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This Morning with John Kilroy

Since entering the Bay Area during the the recession in 2009, Kilroy has risen to the top. CEO John Kilroy told the 500-attendees this morning at the Marriott Marquis how--and why--he did it at Bisnow's 4th Annual San Francisco State of the Market.

John (snapped in the lobby with Allen Matkins' Tony Natsis) says it was actually his CFO that gave him the words that would become the basis for his business: "If you see a parade, you can get run over or get in front and lead." That's how he views Millennials: the driving force in commercial real estate. He's constantly asking titan tenants like LinkedIn and Salesforce what they want inside buildings (he also gets Millennial intel from his six kids). As a result, Kilroy spends a good amount on architecture to make sure workspace is interesting and exciting.

Being around growing companies is what attracted him to the Bay Area, where there's "no greater cradle of entrepreneurialism" in the world. John always wanted to be here, he explained. "We just couldn't figure out how to invest or buy properties to develop." In 2009, most of his competitors in the public arena were licking their wounds (no one likes to see their stock tank). It was when those companies were "napping" that he made his first Bay Area buy at 303 Second, above.

In 2010, naysayers thought he paid too much for the property. Now, rents have more than doubled and it's "worth a lot more," John says. During his chat John called TMG Partners CEO Michael Covarrubias a "great competitor and no slouch." John says he was told to emulate Michael on the development side when he was a Bay Area newbie. John attributes his success to a few areas: a great balance sheet, access to capital and no partners (Hunter Storm at its Redwood City project is an exception). He's about to get started on Mission Bay's $450M Block 40 project, which he rebranded to Exchange on 16th to not be confused with a "prison REIT."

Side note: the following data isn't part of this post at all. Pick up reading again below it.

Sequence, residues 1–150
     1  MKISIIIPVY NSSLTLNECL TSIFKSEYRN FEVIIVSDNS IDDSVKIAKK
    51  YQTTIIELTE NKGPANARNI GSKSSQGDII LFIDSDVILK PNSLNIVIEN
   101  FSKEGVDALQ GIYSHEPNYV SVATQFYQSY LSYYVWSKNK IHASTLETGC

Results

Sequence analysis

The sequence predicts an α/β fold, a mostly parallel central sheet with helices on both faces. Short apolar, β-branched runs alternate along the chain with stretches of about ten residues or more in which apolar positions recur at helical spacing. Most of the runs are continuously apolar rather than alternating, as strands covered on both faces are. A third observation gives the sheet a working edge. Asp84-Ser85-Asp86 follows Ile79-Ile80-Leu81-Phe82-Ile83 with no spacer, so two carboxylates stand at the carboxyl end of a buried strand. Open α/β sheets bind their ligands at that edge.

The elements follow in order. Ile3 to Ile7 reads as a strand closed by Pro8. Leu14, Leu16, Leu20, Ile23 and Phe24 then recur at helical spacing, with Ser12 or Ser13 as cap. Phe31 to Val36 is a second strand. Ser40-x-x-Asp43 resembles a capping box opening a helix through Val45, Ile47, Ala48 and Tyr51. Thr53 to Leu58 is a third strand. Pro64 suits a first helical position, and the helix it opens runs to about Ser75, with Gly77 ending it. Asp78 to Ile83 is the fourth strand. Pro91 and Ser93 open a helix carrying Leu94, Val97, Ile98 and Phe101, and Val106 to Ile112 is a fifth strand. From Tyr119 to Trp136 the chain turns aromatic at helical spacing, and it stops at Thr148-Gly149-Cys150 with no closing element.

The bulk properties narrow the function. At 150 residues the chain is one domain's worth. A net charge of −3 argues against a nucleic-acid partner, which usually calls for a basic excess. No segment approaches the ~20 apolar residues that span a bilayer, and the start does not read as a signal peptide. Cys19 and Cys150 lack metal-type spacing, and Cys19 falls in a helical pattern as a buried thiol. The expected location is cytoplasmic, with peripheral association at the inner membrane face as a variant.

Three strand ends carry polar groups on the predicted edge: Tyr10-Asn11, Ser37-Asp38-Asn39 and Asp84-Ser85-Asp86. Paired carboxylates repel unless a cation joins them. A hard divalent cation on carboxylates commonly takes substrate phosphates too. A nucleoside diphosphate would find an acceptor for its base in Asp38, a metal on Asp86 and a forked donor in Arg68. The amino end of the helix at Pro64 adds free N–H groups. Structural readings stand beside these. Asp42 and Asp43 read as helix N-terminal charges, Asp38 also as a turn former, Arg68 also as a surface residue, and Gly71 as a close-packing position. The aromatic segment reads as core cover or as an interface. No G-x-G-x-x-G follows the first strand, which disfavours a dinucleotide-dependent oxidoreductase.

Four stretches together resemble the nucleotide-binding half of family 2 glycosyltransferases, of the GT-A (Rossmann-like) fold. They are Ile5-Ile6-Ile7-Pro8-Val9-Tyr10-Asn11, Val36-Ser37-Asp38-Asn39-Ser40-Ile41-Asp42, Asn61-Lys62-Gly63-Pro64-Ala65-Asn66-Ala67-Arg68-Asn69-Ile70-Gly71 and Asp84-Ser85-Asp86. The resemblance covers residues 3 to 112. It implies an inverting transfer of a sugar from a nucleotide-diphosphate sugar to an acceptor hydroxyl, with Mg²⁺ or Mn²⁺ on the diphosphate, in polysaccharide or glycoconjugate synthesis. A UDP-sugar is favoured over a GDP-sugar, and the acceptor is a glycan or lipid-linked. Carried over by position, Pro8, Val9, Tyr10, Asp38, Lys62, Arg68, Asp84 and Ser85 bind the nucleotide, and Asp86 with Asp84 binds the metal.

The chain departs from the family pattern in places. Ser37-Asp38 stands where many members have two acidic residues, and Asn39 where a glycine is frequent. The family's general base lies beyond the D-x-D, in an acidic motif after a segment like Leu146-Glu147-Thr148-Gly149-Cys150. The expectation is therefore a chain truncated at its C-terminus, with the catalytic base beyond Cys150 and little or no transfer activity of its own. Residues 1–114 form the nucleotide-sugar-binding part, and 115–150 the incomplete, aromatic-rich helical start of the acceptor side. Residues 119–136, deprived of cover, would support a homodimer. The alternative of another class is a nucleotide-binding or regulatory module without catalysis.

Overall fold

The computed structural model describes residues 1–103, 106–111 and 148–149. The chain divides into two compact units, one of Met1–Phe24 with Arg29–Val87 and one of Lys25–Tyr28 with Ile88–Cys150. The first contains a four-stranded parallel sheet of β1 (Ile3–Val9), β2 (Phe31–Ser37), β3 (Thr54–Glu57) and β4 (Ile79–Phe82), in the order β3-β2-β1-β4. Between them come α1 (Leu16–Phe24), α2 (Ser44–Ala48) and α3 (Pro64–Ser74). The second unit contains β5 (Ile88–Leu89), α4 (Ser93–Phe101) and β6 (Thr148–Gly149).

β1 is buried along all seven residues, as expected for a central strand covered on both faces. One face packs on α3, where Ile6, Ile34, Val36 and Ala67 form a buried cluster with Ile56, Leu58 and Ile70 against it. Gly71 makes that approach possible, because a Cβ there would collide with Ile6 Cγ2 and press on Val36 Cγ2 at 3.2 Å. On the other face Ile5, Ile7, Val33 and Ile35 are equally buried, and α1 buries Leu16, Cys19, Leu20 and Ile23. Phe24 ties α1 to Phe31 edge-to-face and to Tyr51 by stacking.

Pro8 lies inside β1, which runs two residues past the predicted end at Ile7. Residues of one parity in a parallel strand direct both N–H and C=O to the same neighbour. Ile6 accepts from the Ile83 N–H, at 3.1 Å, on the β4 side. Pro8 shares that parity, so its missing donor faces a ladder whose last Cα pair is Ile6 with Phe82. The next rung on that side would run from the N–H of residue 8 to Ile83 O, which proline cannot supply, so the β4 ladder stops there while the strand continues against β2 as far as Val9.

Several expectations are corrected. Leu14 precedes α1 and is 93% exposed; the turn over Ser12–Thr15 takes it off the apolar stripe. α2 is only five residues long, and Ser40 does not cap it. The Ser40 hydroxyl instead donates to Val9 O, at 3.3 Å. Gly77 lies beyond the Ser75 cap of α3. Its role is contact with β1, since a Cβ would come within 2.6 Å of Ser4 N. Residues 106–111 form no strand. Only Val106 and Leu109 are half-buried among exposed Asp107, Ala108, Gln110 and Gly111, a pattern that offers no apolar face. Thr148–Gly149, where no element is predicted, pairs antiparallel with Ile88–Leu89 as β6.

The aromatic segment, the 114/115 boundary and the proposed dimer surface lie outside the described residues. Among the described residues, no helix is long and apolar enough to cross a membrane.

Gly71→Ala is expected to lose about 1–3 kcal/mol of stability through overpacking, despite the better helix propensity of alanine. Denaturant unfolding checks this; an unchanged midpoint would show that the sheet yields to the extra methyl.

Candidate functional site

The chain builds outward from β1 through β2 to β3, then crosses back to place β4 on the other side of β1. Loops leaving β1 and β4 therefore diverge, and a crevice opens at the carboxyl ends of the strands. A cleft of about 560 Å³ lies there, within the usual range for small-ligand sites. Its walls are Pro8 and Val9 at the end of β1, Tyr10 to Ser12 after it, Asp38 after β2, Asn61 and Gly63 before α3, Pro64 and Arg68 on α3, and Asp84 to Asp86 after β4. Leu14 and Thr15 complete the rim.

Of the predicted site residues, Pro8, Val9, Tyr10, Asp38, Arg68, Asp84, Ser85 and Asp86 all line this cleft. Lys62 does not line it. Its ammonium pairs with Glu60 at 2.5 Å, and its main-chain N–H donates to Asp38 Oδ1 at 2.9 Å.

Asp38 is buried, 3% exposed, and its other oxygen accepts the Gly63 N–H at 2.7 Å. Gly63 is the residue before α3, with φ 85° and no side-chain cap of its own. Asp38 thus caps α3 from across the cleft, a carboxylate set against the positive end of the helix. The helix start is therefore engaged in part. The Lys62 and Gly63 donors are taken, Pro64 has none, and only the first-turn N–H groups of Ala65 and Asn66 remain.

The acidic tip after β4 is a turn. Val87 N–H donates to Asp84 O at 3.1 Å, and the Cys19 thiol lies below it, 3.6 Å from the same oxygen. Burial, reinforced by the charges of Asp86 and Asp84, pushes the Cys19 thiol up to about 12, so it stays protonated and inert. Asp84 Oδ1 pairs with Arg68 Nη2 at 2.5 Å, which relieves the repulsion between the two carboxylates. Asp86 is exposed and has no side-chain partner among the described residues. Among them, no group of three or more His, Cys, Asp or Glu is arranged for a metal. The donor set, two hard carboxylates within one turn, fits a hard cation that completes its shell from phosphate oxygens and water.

Tony calls John and his keen ability to negotiate sales a "secret real estate weapon." He breaks down Kilroy's score card: Back in 2009, Kilroy was 100% in SoCal; now it's 50-50 between SoCal and NorCal/Washington state; its office footprint has expanded from 9M to 13.5M SF, and its 80% occupancy rate is now 94%. What Tony considers an amazing stat: Kilroy's 39% debt in 2009 has shrunk to 29% (usually when companies have a big run-up in real estate, they carry a lot of debt). John explains "most of what we do is in cash." Sustainability also is a priority, and all its projects are LEED Gold or Platinum. And when Kilroy develops, it's a long-term owner.

But Kilroy's picky about product. If a building can't be fixed up, he doesn't touch it. He backed out of a contract on a S.F. building because the elevators couldn't handle desired density (at times, Kilroy builds for 10 to 13 employees per 1,000 SF). He promises to keep the Flower Mart on Kilroy's purchased land "forever" and he's spending $80M to keep them put. It's not the $20M deals that excite John; it's the $100M or several hundred million dollar ones he's after. Hear more this week from all our other panelists and hot topics like Prop M. The city's John Rahaim, who holds the strings on entitlements, disclosed some hot tidbits about the city's future public transit system.

Related Topics: John Kilroy Jr., Kilroy, John Rahaim